Important Note: When using a Gel or AGM battery, make sure the charger has a setting for Gel or AGM. It’s important to note that using a regular automotive charger on these batteries can cause them to overcharge.

When purchasing a new battery for your truck (assuming you aren’t using a custom box), the first thing to look at is size, which is specified in the BCI Group Sizing Chart. Also, look at the number and locations of the battery terminals. The next choice will depend on your application’s power requirements. Look at HCA ratings for hot climates, CCA ratings for cold climates, and CA ratings for climates that are moderate or fluctuate between extremes. For a RV, boat, golf cart, etc., where the battery will be drained without being concurrently recharged, make sure you purchase a “deep cycle” battery. These deep cycle batteries usually have a slower rate of discharge and may not be able to handle large cranking requirements, but they can handle large DODs (he percentage of battery capacity that has been discharged) for many cycles. If you are looking for a battery for an off-road vehicle that will handle large vibrations or the occasional upside down operation, then look for a sealed battery.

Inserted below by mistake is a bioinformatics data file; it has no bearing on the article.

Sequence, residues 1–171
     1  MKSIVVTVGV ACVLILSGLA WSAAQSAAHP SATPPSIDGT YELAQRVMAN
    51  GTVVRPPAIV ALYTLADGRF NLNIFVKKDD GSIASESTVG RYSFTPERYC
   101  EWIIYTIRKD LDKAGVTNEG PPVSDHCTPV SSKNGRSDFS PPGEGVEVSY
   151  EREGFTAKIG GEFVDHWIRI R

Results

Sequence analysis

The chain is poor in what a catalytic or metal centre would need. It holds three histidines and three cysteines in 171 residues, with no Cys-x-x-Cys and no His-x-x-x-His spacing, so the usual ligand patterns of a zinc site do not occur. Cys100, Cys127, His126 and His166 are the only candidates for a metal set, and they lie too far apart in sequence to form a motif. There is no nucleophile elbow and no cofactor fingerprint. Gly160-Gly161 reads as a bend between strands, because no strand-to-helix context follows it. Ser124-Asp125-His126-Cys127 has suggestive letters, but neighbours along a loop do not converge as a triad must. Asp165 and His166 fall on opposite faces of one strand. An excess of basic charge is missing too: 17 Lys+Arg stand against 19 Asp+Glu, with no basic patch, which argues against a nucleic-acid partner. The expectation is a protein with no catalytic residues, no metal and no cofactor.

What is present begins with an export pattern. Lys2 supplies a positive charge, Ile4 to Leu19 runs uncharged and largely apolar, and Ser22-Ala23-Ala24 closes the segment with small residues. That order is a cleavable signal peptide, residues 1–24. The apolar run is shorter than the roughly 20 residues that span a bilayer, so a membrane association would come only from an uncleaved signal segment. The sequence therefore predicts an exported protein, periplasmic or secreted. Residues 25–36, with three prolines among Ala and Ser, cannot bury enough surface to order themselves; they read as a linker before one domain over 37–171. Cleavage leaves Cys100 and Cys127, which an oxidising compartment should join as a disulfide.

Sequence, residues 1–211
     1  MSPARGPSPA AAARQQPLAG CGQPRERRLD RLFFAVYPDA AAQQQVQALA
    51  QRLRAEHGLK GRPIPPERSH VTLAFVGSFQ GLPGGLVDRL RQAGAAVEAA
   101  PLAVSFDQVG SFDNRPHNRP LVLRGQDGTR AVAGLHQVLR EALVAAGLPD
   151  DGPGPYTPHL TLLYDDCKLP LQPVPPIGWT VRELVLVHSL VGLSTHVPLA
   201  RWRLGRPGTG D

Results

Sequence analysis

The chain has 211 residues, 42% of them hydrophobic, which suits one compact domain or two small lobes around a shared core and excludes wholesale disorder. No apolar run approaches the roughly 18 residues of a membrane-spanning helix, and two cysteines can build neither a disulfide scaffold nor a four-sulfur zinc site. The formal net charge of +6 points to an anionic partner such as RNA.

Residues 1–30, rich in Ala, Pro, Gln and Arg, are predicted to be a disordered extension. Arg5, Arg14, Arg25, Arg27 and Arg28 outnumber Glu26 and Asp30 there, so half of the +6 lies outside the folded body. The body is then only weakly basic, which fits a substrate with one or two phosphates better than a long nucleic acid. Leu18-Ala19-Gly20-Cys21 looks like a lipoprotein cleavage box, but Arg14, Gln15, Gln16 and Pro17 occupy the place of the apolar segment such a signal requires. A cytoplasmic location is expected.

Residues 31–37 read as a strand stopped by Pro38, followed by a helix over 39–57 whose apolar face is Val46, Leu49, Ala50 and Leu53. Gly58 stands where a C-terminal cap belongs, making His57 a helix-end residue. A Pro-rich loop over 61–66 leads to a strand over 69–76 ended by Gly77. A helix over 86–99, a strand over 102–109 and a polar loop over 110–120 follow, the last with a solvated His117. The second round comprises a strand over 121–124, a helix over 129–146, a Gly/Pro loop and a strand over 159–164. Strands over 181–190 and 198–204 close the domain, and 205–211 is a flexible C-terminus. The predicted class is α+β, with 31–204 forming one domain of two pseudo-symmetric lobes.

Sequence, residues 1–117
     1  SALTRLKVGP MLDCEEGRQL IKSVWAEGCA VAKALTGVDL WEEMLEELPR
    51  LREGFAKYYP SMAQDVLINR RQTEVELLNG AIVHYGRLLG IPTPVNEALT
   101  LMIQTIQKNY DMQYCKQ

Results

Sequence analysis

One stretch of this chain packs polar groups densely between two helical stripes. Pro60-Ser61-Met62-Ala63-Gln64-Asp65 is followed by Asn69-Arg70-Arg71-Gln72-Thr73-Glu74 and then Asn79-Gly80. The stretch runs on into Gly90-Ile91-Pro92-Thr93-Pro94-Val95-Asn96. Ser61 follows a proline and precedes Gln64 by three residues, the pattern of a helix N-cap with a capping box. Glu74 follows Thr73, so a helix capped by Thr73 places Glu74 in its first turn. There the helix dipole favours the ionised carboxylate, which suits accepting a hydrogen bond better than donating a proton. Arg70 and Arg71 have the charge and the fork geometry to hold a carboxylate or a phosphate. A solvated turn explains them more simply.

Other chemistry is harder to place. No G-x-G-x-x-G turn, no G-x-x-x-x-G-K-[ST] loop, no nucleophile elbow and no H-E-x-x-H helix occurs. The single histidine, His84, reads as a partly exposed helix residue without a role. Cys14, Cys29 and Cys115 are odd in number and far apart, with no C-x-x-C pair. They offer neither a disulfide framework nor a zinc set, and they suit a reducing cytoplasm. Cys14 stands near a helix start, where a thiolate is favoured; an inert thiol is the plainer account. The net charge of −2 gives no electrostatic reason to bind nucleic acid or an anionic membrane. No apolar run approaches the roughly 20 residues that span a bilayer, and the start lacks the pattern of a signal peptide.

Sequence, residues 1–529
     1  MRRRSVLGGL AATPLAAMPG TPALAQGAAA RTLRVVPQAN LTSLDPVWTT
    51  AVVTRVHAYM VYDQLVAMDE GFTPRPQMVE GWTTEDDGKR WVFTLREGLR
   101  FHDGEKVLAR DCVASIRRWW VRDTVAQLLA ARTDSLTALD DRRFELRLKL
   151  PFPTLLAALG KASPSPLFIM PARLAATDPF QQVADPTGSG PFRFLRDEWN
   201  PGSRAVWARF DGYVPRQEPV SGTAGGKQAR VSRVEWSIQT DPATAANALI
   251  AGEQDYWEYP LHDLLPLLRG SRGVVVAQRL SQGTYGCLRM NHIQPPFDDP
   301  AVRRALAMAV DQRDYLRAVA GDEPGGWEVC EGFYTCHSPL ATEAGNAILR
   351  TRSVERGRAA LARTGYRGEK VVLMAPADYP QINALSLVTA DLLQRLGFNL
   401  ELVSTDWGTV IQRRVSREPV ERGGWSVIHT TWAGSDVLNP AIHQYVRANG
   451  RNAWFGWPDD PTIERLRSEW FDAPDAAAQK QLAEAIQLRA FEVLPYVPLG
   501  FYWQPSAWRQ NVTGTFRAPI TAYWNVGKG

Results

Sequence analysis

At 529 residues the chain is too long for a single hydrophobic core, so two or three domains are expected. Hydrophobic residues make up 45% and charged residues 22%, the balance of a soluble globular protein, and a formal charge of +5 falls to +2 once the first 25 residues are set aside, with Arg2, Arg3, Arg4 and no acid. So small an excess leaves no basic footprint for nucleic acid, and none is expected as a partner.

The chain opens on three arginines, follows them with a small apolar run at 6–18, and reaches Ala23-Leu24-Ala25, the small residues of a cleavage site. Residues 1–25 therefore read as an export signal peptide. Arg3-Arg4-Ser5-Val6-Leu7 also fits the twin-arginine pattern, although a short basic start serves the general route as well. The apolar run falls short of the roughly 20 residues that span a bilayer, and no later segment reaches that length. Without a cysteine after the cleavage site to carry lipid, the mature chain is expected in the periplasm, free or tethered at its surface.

It is important to remember that batteries will need to be replaced every so often. In ideal conditions, a quality battery will last from eight to 10 years, but its lifespan is primarily dependent on how and where in your vehicle you will use the battery. Higher DODs would be capable for a fewer number of cycles than just partially discharging a battery. Remember to keep the terminals clean of corrosion and the proper balance of the electrolyte solution of unsealed batteries.

Lastly, look at the battery’s manufacturer, as well as what type and length of warranty they offer. There are several well-respected companies that produce extremely durable and dependable batteries. Proper maintenance and operation will boost the potential of your battery’s performance and lifespan.

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Author: Harry Wagner